Payment terms. If your payment history has been consistently on time, you should be successful. Think about it this way: If you have a commercial or builder account that gives you a million dollars of business a year, and they tell you that you need to increase your terms and offer them an early-pay discount, or they will use another provider, would you say no? I don’t think so, because losing this business would hurt you more than it would help them.

Company/auto insurance. This must be done each year as driving records, vehicles, number of submitted claims and laws change. There are websites where you can put your policy out to bidders and you will receive numerous quotes well below your current policy. Make sure the coverages are identical and be aware the policy offered may be only a first-year offer.

Accounting services. You may have been using the same accountant for a decade and consider them a friend, but business is business. Shop for other CPAs. If you find a better value, let your accountant know. If this relationship and as tight as you think, a better rate will be offered.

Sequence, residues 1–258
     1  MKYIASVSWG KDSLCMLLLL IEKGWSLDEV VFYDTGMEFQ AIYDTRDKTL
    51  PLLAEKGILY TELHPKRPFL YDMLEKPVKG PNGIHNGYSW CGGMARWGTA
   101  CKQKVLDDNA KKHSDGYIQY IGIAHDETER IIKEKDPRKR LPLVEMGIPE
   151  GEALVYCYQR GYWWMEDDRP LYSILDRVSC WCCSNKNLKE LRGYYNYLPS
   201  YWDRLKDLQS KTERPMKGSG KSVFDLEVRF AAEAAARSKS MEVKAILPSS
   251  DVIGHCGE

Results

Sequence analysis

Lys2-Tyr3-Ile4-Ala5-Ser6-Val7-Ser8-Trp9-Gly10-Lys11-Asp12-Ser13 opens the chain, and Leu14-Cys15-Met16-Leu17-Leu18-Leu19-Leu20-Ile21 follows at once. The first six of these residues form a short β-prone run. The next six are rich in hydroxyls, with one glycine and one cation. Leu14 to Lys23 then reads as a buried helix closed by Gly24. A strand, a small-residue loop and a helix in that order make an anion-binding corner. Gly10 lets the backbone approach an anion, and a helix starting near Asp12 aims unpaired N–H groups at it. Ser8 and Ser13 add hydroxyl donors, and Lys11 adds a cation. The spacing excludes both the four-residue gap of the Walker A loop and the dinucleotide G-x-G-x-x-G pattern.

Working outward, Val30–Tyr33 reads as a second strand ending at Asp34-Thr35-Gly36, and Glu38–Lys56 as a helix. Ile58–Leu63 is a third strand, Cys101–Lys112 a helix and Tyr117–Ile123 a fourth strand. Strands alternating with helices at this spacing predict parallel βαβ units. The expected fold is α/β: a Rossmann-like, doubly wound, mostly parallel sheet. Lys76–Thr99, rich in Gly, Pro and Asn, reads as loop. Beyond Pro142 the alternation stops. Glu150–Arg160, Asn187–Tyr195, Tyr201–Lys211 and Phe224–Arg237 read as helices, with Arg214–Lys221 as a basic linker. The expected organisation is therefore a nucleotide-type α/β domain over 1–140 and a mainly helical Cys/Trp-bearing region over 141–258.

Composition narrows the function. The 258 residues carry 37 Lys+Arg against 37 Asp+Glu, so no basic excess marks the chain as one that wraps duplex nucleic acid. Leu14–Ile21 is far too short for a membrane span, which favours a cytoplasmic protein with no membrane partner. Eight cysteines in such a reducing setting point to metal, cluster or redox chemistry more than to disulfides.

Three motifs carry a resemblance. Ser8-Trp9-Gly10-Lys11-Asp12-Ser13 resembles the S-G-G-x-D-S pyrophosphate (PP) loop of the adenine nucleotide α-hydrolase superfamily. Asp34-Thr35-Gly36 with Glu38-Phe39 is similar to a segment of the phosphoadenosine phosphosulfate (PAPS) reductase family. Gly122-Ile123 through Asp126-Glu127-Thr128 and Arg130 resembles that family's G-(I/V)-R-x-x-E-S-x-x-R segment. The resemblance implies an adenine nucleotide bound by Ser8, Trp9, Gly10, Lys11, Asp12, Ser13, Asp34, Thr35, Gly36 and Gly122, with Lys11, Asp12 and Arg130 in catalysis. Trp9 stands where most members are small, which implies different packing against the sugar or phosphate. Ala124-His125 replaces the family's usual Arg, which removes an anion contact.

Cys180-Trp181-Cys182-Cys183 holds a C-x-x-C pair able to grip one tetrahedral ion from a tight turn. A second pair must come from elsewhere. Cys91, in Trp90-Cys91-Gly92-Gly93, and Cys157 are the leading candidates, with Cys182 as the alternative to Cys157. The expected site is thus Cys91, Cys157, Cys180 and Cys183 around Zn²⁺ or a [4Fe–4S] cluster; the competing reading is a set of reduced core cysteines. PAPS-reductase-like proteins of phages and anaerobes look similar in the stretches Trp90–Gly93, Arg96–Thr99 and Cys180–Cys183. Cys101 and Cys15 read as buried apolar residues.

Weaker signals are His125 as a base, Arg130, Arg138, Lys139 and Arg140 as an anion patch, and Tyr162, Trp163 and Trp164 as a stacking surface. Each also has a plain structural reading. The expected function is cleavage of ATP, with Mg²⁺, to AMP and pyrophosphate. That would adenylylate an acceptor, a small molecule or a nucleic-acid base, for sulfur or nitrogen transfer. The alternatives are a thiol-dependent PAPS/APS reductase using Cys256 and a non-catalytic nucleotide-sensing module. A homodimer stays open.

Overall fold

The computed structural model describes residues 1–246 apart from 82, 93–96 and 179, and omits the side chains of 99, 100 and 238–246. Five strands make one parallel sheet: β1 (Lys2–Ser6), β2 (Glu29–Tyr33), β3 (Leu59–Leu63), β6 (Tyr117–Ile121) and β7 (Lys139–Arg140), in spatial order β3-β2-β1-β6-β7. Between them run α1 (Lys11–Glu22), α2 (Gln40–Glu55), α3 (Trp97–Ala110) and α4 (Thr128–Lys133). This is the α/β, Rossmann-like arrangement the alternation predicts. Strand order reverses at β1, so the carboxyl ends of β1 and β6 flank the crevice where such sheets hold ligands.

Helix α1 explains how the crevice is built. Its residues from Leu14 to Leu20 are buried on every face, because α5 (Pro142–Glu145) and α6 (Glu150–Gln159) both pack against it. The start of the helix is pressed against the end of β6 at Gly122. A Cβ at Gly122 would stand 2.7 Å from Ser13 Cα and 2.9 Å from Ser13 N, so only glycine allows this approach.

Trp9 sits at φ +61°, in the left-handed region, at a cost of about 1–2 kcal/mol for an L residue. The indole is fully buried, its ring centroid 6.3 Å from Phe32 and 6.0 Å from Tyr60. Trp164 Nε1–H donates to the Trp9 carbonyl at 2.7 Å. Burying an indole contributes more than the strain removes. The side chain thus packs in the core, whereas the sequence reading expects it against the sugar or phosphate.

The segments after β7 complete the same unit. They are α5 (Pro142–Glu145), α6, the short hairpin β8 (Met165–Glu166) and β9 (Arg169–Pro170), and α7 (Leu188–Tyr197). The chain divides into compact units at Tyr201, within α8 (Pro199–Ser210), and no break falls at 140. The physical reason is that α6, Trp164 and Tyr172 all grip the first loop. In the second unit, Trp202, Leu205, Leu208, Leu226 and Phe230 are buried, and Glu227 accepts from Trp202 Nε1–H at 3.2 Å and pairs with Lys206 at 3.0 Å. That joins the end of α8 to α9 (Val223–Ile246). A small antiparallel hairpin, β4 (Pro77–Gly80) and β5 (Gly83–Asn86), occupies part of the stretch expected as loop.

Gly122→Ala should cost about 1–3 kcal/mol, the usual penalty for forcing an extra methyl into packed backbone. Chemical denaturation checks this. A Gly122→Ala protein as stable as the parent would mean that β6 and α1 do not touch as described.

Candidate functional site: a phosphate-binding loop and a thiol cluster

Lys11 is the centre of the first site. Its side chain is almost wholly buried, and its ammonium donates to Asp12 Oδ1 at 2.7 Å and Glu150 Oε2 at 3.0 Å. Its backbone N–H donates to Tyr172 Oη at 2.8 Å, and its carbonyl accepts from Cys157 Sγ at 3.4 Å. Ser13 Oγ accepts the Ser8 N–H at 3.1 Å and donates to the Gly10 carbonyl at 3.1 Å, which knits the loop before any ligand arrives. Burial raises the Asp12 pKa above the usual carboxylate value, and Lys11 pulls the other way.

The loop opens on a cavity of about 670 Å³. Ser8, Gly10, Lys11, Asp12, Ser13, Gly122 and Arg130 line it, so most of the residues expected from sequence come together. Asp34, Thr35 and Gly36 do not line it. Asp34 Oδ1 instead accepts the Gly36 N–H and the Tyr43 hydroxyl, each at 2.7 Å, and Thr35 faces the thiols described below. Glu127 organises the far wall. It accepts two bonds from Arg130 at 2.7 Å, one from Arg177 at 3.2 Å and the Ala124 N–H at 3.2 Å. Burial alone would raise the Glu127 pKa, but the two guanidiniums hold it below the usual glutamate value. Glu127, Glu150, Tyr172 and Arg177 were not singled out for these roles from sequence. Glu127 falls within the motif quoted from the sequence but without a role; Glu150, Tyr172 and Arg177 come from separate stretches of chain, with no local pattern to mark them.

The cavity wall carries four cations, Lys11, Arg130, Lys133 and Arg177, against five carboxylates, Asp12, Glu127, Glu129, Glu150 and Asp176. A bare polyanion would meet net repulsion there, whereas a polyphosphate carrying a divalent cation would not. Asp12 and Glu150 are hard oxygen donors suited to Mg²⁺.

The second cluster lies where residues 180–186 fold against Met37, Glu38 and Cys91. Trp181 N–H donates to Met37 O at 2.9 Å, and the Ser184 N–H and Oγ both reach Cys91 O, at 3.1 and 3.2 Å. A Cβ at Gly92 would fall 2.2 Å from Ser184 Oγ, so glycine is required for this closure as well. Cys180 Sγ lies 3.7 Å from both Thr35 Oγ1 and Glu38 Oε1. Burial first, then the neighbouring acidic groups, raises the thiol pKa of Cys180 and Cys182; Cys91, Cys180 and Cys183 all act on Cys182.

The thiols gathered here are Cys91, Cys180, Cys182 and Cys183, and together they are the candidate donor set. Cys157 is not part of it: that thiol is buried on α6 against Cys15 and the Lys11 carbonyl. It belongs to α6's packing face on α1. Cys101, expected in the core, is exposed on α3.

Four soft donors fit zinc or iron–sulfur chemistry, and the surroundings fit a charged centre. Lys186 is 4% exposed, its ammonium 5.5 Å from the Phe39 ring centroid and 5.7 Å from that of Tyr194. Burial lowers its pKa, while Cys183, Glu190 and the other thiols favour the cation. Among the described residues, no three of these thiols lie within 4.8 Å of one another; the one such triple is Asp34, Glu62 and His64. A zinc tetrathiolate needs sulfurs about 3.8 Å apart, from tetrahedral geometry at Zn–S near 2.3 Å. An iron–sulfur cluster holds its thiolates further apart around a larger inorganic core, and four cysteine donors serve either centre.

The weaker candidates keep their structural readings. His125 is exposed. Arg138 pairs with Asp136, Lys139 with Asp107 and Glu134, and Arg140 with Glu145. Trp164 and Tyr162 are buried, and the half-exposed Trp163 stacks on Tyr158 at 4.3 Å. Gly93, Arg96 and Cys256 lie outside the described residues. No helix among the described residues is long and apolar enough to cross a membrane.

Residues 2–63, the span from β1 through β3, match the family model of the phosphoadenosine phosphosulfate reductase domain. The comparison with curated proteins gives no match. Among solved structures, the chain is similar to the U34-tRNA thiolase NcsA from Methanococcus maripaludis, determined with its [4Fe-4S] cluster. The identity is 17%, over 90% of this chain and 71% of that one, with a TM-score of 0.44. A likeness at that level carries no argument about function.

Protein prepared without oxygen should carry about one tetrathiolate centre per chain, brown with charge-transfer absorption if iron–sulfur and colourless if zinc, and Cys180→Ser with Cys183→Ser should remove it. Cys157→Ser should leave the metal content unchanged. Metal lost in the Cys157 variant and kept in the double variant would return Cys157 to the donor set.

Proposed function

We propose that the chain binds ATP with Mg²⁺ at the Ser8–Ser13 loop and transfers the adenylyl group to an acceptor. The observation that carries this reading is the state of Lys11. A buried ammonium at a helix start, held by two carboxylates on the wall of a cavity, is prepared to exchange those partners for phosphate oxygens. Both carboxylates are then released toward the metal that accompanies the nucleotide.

The combined effect of demanding what is logical from all your vendors can be the difference between earning a living vs. building wealth.

David Romano, formerly the founder of Romano Consulting Group as well as Benchmarkinc Recruiting, is currently the director of Dallas-based Romano Group. You can contact David at david@romanogroup.com.

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Dear David: How to say motivated in running your business

July 9/16, 2018: Volume 34, Issue 2

By David Romano

 

Dear David: 

Is losing interest in running my business normal? I have been in the flooring industry for nearly three decades and as the years go by, I find myself less interested in going to work and every idea I hear on how to make things better seems like too much work. I feel trapped because I cannot sell the business, but I need to earn an income.

Dear Burned-Out Owner,

You are not alone. In fact, if anyone who owns a business has told you they’ve never experienced this feeling, they’re lying. The key is to find that one thing, or combination of many things, that provides your “chi.” The drive to not only keep going, but the motivation to own a better version of your company each year.

Here are some things that have worked for me as well as some tips from Forbes and the Harvard Business Journal.